All that being said, it’s truly remarkable to me that a book written in the 1950’s as a treatise on womanhood could be so relevant six decades later. There were, as is to be expected, a few moments where I was reminded of the limitations Lindbergh and other woman of the era faced (she makes it clear that most women, especially of her social class, were housewives, with few professional opportunities), but on the whole, the message of the book transcends any single time period. I loved that, and it made me feel a comforting sense of connection to Lindbergh, to her contemporaries, to my mother and the family friend who gave me the book (they both read it when they were around my age), to my grandmother (who Lindbergh reminded me of), to all of the other women struggling to define themselves, to express themselves, to be who they were meant to be. I don’t often write in my books, just because defacing that creamy-white paper feels like a sin somehow, but I broke my rule for this one, underlining and starring passages all over the place. This book feels like a mantra, and it’s one of those very few that I knew, as soon as it was over, that I’d be revisiting time and time again for the rest of my life. I look forward to picking it up in a year, or ten, or fifty, and seeing the notes I scribbled to myself when I was just twenty-four and figuring it all out, re-reading Lindbergh’s words and finding new meaning in them.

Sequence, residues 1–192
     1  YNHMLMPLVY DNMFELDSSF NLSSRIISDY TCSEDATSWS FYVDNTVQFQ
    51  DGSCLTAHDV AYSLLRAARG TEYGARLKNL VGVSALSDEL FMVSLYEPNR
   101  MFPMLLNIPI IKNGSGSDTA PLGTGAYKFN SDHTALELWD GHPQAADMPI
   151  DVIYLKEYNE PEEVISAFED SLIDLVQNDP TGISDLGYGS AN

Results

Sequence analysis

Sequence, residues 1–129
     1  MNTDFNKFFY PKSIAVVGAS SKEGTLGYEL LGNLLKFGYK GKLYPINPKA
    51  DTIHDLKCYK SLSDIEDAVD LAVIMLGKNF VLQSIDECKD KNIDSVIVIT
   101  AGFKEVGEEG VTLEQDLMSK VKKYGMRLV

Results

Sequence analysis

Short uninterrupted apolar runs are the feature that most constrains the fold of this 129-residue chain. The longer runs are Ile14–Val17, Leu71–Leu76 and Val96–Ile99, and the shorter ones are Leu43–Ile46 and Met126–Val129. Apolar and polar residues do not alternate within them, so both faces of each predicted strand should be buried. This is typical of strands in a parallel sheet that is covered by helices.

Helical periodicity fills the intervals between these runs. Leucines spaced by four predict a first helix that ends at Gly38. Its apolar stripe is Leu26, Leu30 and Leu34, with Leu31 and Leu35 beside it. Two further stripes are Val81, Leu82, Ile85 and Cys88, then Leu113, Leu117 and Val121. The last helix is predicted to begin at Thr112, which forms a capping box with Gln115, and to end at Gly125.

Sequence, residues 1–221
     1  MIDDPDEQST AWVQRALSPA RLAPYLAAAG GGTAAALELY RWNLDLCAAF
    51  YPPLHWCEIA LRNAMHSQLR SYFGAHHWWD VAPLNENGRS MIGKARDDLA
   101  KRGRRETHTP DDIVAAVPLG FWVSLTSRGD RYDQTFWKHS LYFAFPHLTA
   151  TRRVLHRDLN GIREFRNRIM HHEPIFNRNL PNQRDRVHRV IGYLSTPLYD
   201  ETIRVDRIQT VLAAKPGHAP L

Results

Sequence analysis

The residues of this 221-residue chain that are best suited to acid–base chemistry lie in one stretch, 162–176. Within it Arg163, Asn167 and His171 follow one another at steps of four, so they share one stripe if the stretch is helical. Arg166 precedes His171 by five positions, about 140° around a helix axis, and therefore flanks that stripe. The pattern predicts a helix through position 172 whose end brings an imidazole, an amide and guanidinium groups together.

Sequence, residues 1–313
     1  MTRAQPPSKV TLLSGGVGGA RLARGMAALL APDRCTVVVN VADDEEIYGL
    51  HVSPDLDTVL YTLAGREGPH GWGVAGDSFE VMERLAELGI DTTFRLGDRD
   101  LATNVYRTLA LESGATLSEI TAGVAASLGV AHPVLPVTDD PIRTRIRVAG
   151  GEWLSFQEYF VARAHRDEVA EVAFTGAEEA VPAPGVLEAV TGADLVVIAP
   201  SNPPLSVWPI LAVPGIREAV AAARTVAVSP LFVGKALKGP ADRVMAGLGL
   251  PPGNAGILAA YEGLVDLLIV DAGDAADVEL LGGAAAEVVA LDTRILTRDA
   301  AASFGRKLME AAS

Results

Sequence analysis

It’s rare that a book affects me on such a profound level, makes me think and inspires me to strive for the things that I want while reassuring me that it’s possible to do so, even with a family and friends and daily obligations. A Gift From the Sea should be required reading for all women, of all ages, because it just says it all in a way I’ve never quite seen before.

Advertisements

Hyperbole and a Half by Allie Brosh

responsibility12(alternate)

Allie Brosh is something of a personal hero(ine) of mine. I don’t remember how I came across her blog, but I do remember that the first time I visited it, I spent the next few hours reading her entire archive of posts, actually laughing out loud. Her blog (and the resulting book) is sort of a memoir–she’s a bit like David Sedaris, in that her stories are based in reality but clearly exaggerated and adjusted to maximize humor–and sort of an assortment of ramblings on random topics. Mostly, it’s made up of illustrated stories about her two dogs, her childhood escapades, and, especially recently (and most poignantly), her struggles with anxiety and depression.